‘The Good Place’ Gang Finally Visits The Bad Place In ‘Rhonda, Diana, Jake And Trent’


A review of tonight’s The Good Place coming up just as soon as I stand around while Baz Luhrmann throws glitter on me…

I’d like to talk about Jake Jortles, if you don’t mind.

“Rhonda, Diana, Jake and Trent” is a particularly marvelous episode from a marvelous season of comedy. Our first stint in the Bad Place proper makes it more overloaded with background jokes and running gags — Shawn tells Michael to apply some Axe body spray, because, “It makes you smell the way Transformers movies make you feel”, leading to Eleanor asking, “How do you smell loud and confusing?” the next time she sees Michael — than any episode since the Groundhog Day-esque “Dance Dance Resolution.” It’s so relentlessly sharp that it can afford to treat Jason’s rant about why oranges don’t make sense compared to apples (“Apples, you eat their clothes”) — which would be by far the funniest thing in many a recent sitcom episode — as a throwaway joke because a few dozen more of similar caliber are zooming their way towards you, from Chidi’s panic over having to lie (even to obnoxious Bad Place bros like Dax Shepard’s Chet) to the way that all the food is wrong (soul food from Maine, bagels from Arkansas, and, of course, Hawaiian pizza). And the closing scene, where Michael finally figures out how to solve the Trolley Problem — in the same way that Mr. Spock once solved the Kobayashi Maru test — and truly embraces the humanity he had no idea he had, left my office very very dusty by the time it was finished.

So why do I want to talk primarily about Jake Jortles? For a couple of reasons, really. First, the Jacksonville Jaguars’ improbable playoff run continues, and anytime TV’s best doofus can reference the underwhelming quarterback of this team whose ongoing success makes a liar out of the very show on which he appears is a delight. More importantly, though, the set-up for the moment at which Jason saves the day was nearly at Back to the Future levels in terms of careful construction of plot and comedy. Consider all that has to come first:

1) Jason has to suggest ditching Michael’s plan in favor of throwing a Molotov cocktail, because that’s always worked well for his problems, even though it always gives him new ones, with the scene presented in such a way that it’s just the idiot being an idiot. (Eleanor, sarcastic: “He makes a strong case.”)

2) Eleanor has to dismiss Jason’s attempt to use Blake Bortles as his cover name, forcing him to switch to the even more ridiculous-sounding “Jake Jortles.”

3) The fashion style in the Bad Place has to be (as we’ve seen in previous glimpses of Michael’s old job) 1940s, which, aside from putting Kristen Bell in victory rolls, meant that Jason had to wear an old-school business suit, complete with fedora and pocket square, the latter of which confused him even more than oranges do.

4) Their museum hideout had to instead turn into the busiest spot in the whole Bad Place, thanks to Shawn’s bogus exhibit of how successful the neighborhood was, complete with automaton versions of the humans, who’d be easily identifiable by Chet and the other Bad Place bros.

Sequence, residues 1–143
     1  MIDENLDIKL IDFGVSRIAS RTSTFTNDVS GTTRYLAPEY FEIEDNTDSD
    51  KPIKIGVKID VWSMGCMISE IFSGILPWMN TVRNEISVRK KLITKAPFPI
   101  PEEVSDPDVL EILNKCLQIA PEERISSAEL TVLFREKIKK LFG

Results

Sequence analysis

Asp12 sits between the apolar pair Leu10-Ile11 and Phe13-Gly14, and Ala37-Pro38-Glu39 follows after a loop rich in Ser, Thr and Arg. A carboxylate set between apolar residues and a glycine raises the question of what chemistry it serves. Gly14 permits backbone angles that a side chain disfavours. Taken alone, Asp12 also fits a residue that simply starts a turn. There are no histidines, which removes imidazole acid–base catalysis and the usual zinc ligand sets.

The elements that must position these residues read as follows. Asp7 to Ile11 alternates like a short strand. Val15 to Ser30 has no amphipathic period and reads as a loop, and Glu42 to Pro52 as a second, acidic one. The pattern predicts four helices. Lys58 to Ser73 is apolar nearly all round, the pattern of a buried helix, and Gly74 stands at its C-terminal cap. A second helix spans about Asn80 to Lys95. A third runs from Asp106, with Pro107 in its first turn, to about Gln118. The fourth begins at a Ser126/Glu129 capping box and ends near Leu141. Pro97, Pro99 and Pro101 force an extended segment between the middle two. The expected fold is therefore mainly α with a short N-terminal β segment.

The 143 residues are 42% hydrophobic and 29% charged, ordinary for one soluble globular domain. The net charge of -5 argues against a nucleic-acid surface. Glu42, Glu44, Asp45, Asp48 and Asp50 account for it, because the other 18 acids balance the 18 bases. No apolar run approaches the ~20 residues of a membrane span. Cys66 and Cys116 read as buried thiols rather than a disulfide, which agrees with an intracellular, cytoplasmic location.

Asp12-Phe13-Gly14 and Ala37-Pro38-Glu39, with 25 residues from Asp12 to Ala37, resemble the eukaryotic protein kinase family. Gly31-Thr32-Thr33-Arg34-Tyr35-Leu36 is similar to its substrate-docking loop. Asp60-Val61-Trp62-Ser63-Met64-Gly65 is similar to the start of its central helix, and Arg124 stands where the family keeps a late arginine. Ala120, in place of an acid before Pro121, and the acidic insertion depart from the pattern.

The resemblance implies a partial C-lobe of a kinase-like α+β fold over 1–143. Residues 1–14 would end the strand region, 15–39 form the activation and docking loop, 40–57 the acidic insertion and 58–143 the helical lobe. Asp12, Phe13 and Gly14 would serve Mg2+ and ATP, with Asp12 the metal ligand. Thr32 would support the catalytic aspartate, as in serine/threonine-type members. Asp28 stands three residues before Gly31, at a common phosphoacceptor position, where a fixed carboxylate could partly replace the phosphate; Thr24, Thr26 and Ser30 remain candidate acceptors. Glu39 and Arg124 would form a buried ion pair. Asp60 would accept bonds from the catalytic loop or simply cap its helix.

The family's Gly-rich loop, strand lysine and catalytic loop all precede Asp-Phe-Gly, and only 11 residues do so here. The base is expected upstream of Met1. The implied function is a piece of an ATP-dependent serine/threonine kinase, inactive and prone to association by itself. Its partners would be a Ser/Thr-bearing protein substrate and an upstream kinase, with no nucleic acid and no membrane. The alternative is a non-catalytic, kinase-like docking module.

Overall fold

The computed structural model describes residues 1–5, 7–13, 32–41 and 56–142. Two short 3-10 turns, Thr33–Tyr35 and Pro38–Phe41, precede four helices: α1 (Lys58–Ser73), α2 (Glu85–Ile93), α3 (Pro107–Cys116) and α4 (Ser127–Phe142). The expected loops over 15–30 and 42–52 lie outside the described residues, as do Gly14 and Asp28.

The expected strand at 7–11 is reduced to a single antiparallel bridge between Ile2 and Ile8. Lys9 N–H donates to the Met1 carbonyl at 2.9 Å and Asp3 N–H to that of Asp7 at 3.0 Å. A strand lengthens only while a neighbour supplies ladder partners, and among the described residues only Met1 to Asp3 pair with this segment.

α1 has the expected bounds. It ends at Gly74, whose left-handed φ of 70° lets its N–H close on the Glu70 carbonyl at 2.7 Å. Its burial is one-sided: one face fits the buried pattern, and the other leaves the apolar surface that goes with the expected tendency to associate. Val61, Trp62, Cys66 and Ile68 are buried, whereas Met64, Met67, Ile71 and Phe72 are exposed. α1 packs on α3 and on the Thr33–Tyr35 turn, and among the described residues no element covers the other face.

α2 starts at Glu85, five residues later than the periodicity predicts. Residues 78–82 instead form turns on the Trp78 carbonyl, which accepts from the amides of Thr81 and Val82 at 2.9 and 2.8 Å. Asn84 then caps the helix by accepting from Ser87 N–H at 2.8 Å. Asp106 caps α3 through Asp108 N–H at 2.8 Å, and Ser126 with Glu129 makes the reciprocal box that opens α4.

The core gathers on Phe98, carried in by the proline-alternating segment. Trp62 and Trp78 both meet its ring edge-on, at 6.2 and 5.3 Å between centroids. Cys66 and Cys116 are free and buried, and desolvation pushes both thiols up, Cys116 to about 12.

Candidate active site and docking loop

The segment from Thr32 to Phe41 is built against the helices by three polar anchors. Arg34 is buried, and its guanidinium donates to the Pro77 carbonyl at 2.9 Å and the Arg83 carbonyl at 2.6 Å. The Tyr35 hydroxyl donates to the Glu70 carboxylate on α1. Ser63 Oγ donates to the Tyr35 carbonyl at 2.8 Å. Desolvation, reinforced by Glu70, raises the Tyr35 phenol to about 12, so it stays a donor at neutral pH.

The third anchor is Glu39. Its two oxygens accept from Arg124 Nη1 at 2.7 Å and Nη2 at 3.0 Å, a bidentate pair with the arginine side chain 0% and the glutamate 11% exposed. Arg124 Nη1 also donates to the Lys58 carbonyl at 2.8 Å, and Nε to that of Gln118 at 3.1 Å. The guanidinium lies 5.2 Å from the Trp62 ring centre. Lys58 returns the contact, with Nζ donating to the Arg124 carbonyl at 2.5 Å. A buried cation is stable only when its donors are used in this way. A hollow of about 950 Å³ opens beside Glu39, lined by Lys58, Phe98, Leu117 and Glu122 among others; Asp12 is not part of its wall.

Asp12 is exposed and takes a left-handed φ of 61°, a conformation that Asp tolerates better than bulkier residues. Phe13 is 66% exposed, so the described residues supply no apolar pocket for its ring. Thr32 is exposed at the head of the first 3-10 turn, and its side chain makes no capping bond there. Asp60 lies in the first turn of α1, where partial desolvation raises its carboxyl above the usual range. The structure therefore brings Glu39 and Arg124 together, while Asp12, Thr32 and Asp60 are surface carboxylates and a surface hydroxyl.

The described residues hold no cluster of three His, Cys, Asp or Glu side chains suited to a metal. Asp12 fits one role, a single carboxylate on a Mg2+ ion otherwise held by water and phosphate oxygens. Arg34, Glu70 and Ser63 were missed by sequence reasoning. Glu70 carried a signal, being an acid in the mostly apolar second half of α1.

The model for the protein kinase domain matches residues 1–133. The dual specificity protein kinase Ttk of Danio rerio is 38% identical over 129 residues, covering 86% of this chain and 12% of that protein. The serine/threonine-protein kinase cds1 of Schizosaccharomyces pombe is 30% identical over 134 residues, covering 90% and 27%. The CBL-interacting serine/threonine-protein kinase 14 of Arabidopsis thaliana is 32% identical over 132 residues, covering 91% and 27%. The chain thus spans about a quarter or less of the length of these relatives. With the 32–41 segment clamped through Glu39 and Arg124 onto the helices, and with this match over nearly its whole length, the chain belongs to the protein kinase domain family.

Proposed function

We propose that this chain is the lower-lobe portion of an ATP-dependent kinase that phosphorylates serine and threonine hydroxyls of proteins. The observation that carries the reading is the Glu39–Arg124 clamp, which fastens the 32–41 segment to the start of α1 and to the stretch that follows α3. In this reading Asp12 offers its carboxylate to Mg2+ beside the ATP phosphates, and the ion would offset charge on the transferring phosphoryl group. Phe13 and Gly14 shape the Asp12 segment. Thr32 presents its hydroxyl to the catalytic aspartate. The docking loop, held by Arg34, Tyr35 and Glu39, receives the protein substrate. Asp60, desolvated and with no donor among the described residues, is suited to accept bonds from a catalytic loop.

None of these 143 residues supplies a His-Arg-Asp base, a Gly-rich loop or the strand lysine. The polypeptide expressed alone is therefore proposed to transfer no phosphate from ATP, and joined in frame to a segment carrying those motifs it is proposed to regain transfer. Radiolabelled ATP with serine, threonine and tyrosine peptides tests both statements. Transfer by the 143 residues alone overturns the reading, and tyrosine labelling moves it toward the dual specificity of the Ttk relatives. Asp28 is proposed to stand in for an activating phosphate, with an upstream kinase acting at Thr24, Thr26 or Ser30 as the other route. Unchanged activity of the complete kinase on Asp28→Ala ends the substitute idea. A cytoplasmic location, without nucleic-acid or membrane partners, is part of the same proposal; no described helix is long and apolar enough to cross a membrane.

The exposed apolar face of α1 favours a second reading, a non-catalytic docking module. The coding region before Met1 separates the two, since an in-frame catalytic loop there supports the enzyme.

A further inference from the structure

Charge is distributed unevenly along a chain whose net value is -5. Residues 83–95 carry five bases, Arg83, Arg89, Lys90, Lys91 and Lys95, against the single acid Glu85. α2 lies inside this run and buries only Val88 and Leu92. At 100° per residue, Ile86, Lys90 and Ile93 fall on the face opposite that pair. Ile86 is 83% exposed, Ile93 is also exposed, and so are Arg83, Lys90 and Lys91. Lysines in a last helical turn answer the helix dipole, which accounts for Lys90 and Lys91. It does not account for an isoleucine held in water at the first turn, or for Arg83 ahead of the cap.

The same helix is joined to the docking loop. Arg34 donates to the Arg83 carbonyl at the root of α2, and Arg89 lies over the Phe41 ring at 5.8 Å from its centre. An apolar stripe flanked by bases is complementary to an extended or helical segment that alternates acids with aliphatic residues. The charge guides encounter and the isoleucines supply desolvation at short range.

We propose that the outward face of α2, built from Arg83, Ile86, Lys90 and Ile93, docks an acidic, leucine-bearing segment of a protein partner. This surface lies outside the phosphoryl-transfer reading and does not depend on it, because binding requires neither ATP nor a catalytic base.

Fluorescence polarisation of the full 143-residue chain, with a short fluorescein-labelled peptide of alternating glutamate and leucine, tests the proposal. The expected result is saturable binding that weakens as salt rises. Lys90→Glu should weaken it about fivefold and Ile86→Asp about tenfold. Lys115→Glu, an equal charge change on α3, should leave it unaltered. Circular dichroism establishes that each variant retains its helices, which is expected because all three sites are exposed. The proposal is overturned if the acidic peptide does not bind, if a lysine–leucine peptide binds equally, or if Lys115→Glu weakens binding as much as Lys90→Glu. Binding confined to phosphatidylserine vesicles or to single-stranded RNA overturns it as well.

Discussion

5) The party would have a fully-stocked bar, allowing Jason — thinking much more quickly than usual, but in a way that felt character-appropriate — to rapidly turn his hated pocket square into a fuse for one of his patented Molotov cocktails, which he hurls while yelling “JORTLES!” (And I checked with Mike Schur that he screams that, and not “BORTLES.”)

That, my friends, is some Swiss watch precision.

A spectacular moment, in a spectacular episode, so overflowing with wonderfulness that I haven’t even yet mentioned Tahani’s note-perfect American accent, or Janet’s intense difficulty at impersonating a Bad Janet (which led into a spiritual sequel to the season one scene where she kept giving cacti to Michael), or Eleanor impressing Chidi by revealing that she started reading unassigned philosophy books for pleasure. (For that matter, Chidi’s solution to the lying dilemma — telling Kirk to assign books to his torture subject (a guy who got kicked off Rob Gronkowski’s party cruise for throwing lobster at a stripper), then ball-tapping Kirk to convince him to do it — was pretty elegant, too, showing creativity and self-awareness, and not allowing Chidi to shed his moral rigidity too easily, even in a situation where the stakes involve eternal damnation. There will come a point where he’s able to bend, even slightly, but it’s such a fundamental part of who he is that the show is really going to have to earn it.

Really, my only complaint at all about this one is that we didn’t get to spend more time with the humans in the Bad Place, just because the level of incidental detail was so much fun. But that’s also a hard juggling act — the longer they’re able to stay there undetected, the less dangerous the place seems, which undercuts the overall stakes of the piece — and I’m sure the creative team can find a way back here if necessary.

Mainly, though… JORTLES.

What did everybody else think?

Alan Sepinwall may be reached at sepinwall@uproxx.com. He discusses television weekly on the TV Avalanche podcast. His new book, Breaking Bad 101, is on sale now.